The Influence of Photo Editing Applications on Patients Seeking Facial Plastic Surgery Services.
BACKGROUND: The usage of the smartphone and social media have introduced paradigm shifts to cosmetic surgery. Much has been studied regarding social media and its influences in plastic surgery, however, little is known about facial editing applications and how these relate to plastic surgery practices.
OBJECTIVES: Do face-editing applications influence patients' pursuit of plastic surgery, and who and why do they use these applications?
METHODS: An anonymous survey was administered between September and December 2019, including questions about demographics, familiarity and utilization of face-editing applications, motivations in usage and influences towards pursuing cosmetic procedures, and attitudes towards applications.
RESULTS: Seventy patients completed the survey and 32.9% admitted to using face-editing applications. Patients using applications were significantly younger (36.9 years) than those who did not (54 years) (p < .001). Amongst those familiar with applications, women were significantly more likely than men to utilize them (100% vs. 78.6%, respectively) (p = 0.047). Social media was the most common influence for using apps (87%). The majority confirmed that these applications played a role in pursuing cosmetic procedures (56.5%). Most patients did not regret their usage of these applications (87%).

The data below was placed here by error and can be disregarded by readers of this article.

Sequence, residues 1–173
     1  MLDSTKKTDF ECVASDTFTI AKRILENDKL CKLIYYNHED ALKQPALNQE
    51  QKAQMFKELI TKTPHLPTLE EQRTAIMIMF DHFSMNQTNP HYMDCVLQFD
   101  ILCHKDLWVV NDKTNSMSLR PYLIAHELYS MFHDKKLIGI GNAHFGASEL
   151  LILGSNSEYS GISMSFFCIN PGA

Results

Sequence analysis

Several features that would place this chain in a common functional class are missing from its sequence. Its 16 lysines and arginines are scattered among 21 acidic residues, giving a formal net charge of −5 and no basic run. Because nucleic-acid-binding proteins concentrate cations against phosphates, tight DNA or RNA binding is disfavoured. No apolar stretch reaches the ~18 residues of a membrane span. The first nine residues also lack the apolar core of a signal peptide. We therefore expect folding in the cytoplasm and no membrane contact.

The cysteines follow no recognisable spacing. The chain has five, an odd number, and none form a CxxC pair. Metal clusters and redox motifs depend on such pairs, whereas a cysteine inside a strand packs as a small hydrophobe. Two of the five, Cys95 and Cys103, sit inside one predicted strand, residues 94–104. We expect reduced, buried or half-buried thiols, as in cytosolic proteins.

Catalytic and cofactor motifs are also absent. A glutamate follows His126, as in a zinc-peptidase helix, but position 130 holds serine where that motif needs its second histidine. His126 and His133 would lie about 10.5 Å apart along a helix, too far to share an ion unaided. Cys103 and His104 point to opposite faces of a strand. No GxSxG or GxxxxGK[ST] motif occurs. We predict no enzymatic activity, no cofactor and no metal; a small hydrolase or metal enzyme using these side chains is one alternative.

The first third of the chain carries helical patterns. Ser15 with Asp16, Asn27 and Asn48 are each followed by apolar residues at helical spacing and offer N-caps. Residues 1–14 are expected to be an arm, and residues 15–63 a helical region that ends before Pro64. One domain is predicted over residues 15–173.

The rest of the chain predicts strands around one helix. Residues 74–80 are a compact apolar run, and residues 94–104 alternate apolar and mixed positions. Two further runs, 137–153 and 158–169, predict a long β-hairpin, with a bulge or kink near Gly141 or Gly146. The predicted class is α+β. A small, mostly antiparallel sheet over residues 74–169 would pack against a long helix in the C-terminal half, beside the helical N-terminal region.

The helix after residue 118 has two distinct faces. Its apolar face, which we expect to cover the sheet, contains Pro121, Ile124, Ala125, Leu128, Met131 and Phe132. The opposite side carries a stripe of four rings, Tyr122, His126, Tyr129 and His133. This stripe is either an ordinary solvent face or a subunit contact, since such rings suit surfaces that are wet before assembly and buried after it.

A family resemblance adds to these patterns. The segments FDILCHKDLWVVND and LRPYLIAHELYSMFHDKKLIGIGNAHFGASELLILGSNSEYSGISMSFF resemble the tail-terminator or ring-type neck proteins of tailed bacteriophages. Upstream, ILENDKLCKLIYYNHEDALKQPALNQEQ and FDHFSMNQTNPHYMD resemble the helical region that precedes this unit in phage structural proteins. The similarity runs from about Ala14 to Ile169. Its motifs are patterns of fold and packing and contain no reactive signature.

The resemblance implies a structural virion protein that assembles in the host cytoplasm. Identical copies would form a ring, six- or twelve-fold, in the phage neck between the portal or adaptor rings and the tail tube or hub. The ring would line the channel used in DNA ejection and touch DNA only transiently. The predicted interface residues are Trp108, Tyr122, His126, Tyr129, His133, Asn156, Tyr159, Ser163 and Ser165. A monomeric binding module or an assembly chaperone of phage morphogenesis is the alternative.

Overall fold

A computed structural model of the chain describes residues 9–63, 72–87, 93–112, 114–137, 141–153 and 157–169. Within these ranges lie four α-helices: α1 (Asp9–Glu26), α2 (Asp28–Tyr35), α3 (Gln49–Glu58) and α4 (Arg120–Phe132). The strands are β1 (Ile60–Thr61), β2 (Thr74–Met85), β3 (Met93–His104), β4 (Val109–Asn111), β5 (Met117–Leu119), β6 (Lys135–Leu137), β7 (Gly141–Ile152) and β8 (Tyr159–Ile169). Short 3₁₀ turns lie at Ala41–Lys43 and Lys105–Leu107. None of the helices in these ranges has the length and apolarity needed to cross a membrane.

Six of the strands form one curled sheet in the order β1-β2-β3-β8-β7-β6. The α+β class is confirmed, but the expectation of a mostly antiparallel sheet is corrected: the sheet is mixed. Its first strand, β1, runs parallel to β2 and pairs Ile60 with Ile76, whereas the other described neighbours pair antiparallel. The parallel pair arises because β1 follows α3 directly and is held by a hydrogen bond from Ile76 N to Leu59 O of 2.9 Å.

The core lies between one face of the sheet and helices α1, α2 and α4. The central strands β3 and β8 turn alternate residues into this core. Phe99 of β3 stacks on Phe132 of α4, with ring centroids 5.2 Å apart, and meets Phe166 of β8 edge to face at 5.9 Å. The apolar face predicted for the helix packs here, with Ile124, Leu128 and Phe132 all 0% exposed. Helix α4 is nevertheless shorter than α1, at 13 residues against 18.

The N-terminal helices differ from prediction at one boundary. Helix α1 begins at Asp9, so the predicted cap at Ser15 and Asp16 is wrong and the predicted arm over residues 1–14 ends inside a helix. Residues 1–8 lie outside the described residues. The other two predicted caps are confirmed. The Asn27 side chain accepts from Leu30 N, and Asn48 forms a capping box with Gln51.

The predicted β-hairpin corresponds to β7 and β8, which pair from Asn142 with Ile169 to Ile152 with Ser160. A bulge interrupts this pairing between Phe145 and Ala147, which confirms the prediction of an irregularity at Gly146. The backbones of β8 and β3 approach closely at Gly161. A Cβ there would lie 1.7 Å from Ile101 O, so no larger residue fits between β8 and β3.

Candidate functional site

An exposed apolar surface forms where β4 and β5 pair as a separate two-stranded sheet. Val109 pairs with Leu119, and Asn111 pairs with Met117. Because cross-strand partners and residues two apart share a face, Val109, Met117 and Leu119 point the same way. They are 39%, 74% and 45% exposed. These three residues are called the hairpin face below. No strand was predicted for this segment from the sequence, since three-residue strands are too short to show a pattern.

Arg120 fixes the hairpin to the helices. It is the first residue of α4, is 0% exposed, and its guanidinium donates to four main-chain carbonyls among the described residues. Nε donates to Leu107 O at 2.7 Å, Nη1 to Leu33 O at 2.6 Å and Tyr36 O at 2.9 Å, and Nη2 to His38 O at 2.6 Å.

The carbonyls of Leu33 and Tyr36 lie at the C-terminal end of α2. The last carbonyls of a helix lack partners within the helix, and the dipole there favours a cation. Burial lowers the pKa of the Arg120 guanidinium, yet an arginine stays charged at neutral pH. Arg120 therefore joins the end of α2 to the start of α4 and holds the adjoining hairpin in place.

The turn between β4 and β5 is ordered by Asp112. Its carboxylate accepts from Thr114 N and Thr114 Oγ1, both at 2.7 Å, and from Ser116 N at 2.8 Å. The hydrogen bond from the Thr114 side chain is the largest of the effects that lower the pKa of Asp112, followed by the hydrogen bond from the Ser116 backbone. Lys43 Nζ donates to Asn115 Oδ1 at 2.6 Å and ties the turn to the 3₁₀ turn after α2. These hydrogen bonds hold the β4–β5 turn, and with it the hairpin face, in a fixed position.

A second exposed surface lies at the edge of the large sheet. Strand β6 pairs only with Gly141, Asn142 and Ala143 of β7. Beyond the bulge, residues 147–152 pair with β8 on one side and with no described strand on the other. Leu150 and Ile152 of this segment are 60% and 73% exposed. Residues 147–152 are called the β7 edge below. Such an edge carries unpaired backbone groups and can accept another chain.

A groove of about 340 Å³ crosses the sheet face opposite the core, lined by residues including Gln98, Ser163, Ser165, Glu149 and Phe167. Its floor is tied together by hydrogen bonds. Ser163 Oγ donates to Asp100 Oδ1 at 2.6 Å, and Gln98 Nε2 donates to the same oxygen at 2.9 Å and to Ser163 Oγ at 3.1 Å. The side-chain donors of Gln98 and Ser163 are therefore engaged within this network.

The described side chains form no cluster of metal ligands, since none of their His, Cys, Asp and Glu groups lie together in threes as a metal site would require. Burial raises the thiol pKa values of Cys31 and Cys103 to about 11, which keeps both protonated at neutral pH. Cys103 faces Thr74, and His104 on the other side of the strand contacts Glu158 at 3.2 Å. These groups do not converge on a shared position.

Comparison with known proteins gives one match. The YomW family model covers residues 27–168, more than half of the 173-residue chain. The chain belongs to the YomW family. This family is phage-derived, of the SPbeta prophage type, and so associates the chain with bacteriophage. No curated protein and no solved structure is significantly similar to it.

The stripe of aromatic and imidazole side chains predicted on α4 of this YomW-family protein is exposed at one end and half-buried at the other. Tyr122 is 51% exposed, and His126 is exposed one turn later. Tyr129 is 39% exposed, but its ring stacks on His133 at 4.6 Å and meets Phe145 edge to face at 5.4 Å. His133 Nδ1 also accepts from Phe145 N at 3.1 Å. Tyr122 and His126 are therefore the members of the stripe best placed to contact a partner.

CONCLUSIONS: Face editing applications serve a role regarding patient decision making to pursue cosmetic surgery. Several motivators exist for application usage, the largest of which is social media. Younger females are the most likely demographic to utilize applications and generally do not express regret in doing so. Plastic surgeons would benefit in understanding patient motivations and expectations created by using these applications.
Aesthetic Surgery Journal
Othman, Sammy; Lyons, Tanner; Cohn, Jason E; Shokri, Tom; and Bloom, Jason D, "The Influence of Photo Editing Applications on Patients Seeking Facial Plastic Surgery Services." (2020). Otolaryngology (ENT) Resident Research. 54.